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  I Hate You Just Kidding
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Let me start off by saying that i love the name of this band.

I Hate You Just Kidding (from here on out i am abbreviating this to IHYJK) is a duo of married couple Jessi and Jeremy Brock, who have a three-piece band backing them up at times.

The 5-piece IHYJK makes happy, new wavey pop that at times veers into 1950s-ish pop. This is innocent, wide-eyed music for white people to sway along to at shows. I have a certain fondness for this type of music, and i think that IHYJK have a lot to offer.

The record starts off with one of the loveliest pop tunes that i have heard in years, Smokestacks. This song is built out of chiming guitar, sparkling keys, and Jessi Brock's lovely voice. The song is pretty and floats along happily, just a nice relaxing moment. Truly wonderful.

The next tune, Heartbeat, is also really nice. This one is driven by an insistent rhythm, courtesy of drummer Greg Anderson, here moonlighting from his regular gig in Fellow Bohemian. Keys and guitars pulse along his beat as Jessi Brock sings with crisp, clear pronunciation. On this song in particular, her vocals remind me of My Favorite's Andrea Vaughn. And that is a good thing.

Fallen is a lot more delicate. At first, the song is barely there in a faint layer of tinkling guitar, some light percussion, and her voice. However, this song has weird drumming. It floats along lightly for a while, then a clicking drum machine comes in, layered on the top of the music so that the clicking overpowers the voice and the guitars. At the end, Anderson comes in with a heavy beat -- not fast but a little faster than the melody and, again, out front, so that you hear the drumbeat over everything else. This is a very odd recording choice -- people just don't layer the drums in front. And yet ... i think it kinda works. It gives the song a somewhat surreal, dreamy quality.

Speaking of which, the next track is called Dreaming, and Jeremy Brock takes over the vocals. Instead of sounding like a wistful 1980s tune, Mr. Brock takes the band back to the 1950s -- poodle skirts and clean cut young men in pressed suits singing about romance. This is, in many ways, the sort of thing that people in the 1980s were rebelling against, so to switch between those two styles is kind of odd. Also, i think that Jessi made a mistake in letting her husband sing. She is clearly the better vocalist.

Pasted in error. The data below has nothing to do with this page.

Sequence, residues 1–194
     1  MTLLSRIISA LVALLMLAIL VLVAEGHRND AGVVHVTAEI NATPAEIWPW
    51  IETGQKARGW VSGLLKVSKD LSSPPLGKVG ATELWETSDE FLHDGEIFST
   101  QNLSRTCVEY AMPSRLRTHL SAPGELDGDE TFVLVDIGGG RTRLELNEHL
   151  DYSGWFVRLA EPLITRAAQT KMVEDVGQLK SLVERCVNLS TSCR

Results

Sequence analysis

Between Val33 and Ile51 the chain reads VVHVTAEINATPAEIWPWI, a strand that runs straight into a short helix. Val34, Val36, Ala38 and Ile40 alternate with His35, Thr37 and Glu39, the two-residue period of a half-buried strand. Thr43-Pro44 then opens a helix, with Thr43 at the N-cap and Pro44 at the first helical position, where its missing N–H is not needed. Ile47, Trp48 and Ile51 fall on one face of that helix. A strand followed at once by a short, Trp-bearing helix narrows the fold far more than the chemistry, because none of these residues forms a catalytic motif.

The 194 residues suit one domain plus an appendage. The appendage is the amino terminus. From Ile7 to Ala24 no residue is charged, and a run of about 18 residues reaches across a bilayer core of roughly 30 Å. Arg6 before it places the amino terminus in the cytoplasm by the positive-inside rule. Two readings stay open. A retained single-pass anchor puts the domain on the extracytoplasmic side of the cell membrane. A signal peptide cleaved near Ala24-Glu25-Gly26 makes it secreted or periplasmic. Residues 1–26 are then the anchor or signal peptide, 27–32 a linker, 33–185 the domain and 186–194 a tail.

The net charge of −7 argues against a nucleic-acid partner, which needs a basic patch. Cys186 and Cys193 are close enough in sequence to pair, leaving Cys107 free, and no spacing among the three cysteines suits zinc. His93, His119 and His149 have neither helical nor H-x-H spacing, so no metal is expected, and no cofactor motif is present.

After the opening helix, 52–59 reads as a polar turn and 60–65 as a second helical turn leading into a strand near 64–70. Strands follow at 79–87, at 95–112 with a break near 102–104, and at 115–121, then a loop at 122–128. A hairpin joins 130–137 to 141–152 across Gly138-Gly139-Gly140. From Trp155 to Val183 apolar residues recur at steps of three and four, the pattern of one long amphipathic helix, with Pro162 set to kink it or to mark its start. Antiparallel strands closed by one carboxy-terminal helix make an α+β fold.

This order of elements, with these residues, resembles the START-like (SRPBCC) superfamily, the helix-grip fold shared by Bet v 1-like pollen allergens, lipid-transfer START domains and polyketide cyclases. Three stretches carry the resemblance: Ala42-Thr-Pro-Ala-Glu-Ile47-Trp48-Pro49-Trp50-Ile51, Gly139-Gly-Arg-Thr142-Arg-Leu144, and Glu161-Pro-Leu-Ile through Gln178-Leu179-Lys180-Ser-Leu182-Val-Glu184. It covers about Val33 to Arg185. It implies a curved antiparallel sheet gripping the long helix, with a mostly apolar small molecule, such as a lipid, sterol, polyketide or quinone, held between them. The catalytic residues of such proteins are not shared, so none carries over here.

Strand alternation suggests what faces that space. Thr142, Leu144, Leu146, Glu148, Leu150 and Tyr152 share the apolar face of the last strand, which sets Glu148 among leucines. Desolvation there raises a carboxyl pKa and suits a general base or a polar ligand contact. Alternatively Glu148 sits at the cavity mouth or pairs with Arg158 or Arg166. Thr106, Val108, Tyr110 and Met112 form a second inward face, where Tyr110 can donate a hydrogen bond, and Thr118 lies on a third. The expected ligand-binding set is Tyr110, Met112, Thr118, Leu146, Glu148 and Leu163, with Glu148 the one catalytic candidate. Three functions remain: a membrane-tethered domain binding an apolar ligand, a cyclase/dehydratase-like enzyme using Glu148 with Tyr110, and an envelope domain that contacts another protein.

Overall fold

However, he sings again on I Hope Someone Up There Loves Me, which is a jangle pop tune. The rhythm is nice but it would have been more interesting is Jessi had sung it.

She is back for Constellations, her voice steering the band back to New Wave sounds. This song chimes nicely, with a beat that is a little faster than the last two. It fills the need for a 1980s fix quite nicely.

The band sort of stumbles on Splendid Eyes, where they play slide guitar and Jessi Brock sings a country ballad. This is not awful, just not that great.

The low point of the record is Too Far Gone. Jeremy sings this one, which is a painfully slow ballad with piano and percussion tapped on the side of an acoustic guitar. This doesn't even feel like a finished song -- it is like it is more of a sketch compared to the rich instrumentation seen elsewhere on this record.

We end things with Dreamcatcher with new wave guitar an chugging beats under some Jeremy Brock vocals. It is certainly more upbeat and richer sounding than the previous two songs, but still not IHYJK's best work.

The album starts off so great with three wonderful tunes, and then by the time you hit the second side of the record, it seems like the band was out of ideas and just threw together a few demos. The first six songs are full and lush and interesting, and the last three just feel like they were trying to fill up the record.

Still, Smokestacks and Heartbeat are really good tunes.

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